The Yeah Yeah Yeahs emerged as one of the early-2000s bands that were all-but-destined to save rock. Aside from the New York trio, there were also bands like The Strokes, The White Stripes and others that critics and fans merged into a group of rock superheroes who led a sort of post-punk revival. As of now, though, the Yeah Yeah Yeahs are essentially the lone survivors of said movement; The White Stripes are defunct and, let’s be honest, nobody really knows why The Strokes even make new music anymore.
Even with only four albums under their belt since their debut LP, Karen O, Brian Chase and Nick Zinner still manage to stay fresh and sound new again with each record. Unlike some of their peers, the YYYs have aged very gracefully and, as proven by their latest release, Mosquito, still have even more potential to grow. Mosquito is a natural progression for the band that manages to at once surprise us and give us just what we expect, resulting in a final product that’s nothing spectacular but nevertheless full of shining moments.
Mosquito is pretty much an amalgamation of everything the YYYs have done already: there’s bratty, Fever to Tell-era punk on the title track; there are anthemic ballads like the Show Your Bones-esque “Despair”; and the occasional venture into disco on tracks like “Always” and “These Paths” that harken back to It’s Blitz. The record thus leaves us with a reminder that even as the band continues to expand its repertoire, it doesn’t forget how and where it started.
But the album’s really exceptional moments are found on tracks where the group experiments with new sounds. Lead single “Sacrilege” appropriately features a gospel choir, while on James Murphy-produced “Buried Alive” the band enlists Dr. Octagon to rap a verse over Chase’s thundering percussion and Zinner’s distorted riffs.
These journeys into territory previously unknown to the band enhance already great songs, leaving us with album standouts, most notably the best track on the record, “Under the Earth.” The booming, reggae-tinged track is the album’s funkiest and catchiest, reminiscent of what is arguably the band’s best post-Fever to Tell release, the 2007 EP IS IS. It’s also the album’s darkest song, with Karen O burying a suitor in the ground.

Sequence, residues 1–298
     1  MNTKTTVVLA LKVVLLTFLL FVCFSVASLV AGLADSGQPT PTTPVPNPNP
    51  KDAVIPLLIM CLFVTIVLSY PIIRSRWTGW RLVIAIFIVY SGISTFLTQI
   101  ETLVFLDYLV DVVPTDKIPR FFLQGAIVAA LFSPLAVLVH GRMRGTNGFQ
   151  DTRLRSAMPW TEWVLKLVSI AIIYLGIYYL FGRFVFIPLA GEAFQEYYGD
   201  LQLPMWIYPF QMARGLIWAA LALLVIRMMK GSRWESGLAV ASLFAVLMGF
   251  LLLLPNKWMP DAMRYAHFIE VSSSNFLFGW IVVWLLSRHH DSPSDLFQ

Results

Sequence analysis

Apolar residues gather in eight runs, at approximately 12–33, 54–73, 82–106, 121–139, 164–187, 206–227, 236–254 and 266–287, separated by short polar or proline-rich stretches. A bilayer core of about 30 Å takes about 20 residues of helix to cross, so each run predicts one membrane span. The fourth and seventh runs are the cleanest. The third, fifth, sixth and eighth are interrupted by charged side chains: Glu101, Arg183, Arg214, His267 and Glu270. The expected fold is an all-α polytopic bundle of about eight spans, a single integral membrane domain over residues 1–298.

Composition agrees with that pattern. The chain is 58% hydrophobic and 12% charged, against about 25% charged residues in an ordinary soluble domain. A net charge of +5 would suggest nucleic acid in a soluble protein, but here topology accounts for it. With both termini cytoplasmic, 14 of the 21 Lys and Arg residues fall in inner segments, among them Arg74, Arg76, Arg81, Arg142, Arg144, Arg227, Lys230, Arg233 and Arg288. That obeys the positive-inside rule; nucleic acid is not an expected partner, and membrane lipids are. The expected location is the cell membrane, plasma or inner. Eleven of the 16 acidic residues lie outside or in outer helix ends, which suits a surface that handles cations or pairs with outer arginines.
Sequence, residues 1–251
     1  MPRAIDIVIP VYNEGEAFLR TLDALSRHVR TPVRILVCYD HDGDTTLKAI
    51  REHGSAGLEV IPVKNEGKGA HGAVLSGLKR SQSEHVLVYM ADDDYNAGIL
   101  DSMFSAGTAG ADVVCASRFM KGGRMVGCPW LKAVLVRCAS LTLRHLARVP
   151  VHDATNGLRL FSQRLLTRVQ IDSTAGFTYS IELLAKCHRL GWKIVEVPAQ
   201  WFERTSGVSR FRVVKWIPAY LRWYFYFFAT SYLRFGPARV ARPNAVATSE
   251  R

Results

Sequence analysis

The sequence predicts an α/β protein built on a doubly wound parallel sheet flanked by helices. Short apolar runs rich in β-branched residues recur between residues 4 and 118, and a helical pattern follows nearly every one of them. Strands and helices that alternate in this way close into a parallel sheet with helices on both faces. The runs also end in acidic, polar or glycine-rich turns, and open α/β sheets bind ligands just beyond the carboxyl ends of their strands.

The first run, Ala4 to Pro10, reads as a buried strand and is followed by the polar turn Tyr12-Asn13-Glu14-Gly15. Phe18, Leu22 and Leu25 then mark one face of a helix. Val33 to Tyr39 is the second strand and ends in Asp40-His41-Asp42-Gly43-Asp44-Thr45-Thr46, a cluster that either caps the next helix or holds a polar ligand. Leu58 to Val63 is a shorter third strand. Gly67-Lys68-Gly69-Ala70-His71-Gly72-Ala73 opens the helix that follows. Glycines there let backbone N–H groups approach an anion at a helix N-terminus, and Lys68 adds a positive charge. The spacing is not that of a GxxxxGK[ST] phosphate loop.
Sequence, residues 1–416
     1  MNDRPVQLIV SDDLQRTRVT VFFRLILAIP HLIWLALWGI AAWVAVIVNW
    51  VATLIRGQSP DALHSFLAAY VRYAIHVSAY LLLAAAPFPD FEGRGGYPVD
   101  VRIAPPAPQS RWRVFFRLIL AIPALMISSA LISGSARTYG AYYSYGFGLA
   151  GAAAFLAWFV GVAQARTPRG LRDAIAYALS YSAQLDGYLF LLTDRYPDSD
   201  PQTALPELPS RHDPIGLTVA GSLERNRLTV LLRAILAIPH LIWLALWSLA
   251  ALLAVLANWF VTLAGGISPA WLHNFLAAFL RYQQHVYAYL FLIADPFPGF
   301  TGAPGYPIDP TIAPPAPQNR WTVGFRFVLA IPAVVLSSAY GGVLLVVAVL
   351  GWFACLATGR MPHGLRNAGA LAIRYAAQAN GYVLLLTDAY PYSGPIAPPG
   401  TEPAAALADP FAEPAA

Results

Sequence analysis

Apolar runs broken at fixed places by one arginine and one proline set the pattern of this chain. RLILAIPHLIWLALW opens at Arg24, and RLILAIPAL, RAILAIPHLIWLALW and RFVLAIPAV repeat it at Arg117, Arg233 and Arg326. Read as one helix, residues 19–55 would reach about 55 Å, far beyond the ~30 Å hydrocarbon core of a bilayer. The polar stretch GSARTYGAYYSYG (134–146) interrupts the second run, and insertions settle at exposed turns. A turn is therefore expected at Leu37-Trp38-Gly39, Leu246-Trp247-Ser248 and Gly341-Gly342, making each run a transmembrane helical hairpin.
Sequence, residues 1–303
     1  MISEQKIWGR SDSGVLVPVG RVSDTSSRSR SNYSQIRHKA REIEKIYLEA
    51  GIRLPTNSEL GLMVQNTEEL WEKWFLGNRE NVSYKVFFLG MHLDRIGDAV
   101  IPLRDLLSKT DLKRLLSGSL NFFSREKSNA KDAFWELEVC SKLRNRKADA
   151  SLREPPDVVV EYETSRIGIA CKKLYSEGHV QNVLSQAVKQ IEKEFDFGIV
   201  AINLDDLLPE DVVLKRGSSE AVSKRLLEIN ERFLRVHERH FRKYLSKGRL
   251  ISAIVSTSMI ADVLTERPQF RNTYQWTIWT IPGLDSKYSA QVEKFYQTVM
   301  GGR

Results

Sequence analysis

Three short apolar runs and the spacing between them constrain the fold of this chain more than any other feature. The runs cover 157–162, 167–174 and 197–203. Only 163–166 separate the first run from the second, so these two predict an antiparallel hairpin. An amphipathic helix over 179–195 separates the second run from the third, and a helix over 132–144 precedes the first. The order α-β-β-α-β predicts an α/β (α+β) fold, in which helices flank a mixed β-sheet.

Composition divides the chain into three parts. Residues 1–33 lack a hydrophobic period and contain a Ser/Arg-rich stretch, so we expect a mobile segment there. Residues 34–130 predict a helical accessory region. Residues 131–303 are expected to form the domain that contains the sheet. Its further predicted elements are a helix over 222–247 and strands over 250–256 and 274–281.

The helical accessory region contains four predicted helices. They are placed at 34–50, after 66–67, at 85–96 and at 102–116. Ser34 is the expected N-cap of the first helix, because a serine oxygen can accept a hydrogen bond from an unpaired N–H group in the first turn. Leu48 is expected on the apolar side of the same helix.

And then there’s Karen O. She’s probably the closest thing to a rock goddess our generation has. Her infamous live performances have seared her into fans’ minds as a flamboyant, feather-and-sequin-clad, beer-swilling (and spitting) hooligan. But as the years pass, she continues to transform into a more refined frontwoman with the same commanding, powerful stage presence.
Her toned-down live performances as well as her newly refined llyrics and delivery could be a result of maturity, but we also must remember that Karen O, who used to scream “I gotta man who makes me wanna kill” and “ride daddy ride,” is now a wife. This could probably explain her shift from not-so-subtly erotic lyricism to more heartfelt, lovey-dovey sentiments. The album’s closer, aptly titled “Wedding Song,” has her cooing ethereally, “You’re the breath that I breathe,” while on “Sacrilege,” she compares her lover to an angel that fell from the sky. She also sings to her first love, New York City, on “Subway,” singing in a wistful falsetto over Zinner’s fluttering guitar line.
But on other tracks, she proves that while you can take the crazy out of Karen O, you can’t keep Karen O away from the crazy. The title track has her wailing her signature wail on the chorus (“I’ll suck your blood!!!!!!!”) and the sci-fi “Area 52” has her snarling, “I wanna be your passenger / take me as your prisoner.” Songs like these make fans thankful that the band hasn’t forgotten its roots.
But, as the saying goes, there’s a time for everything, and with Mosquito, the band just can’t figure out its footing. Clearly, the songs here have a place somewhere; each one is wonderful in its own way. But they don’t necessarily belong on Mosquito; in fact, they belong on a number of other albums.
Sure, Mosquito lacks cohesion, but hey, Karen O and crew are back in a big way.
Original Author: Sydney Ramsden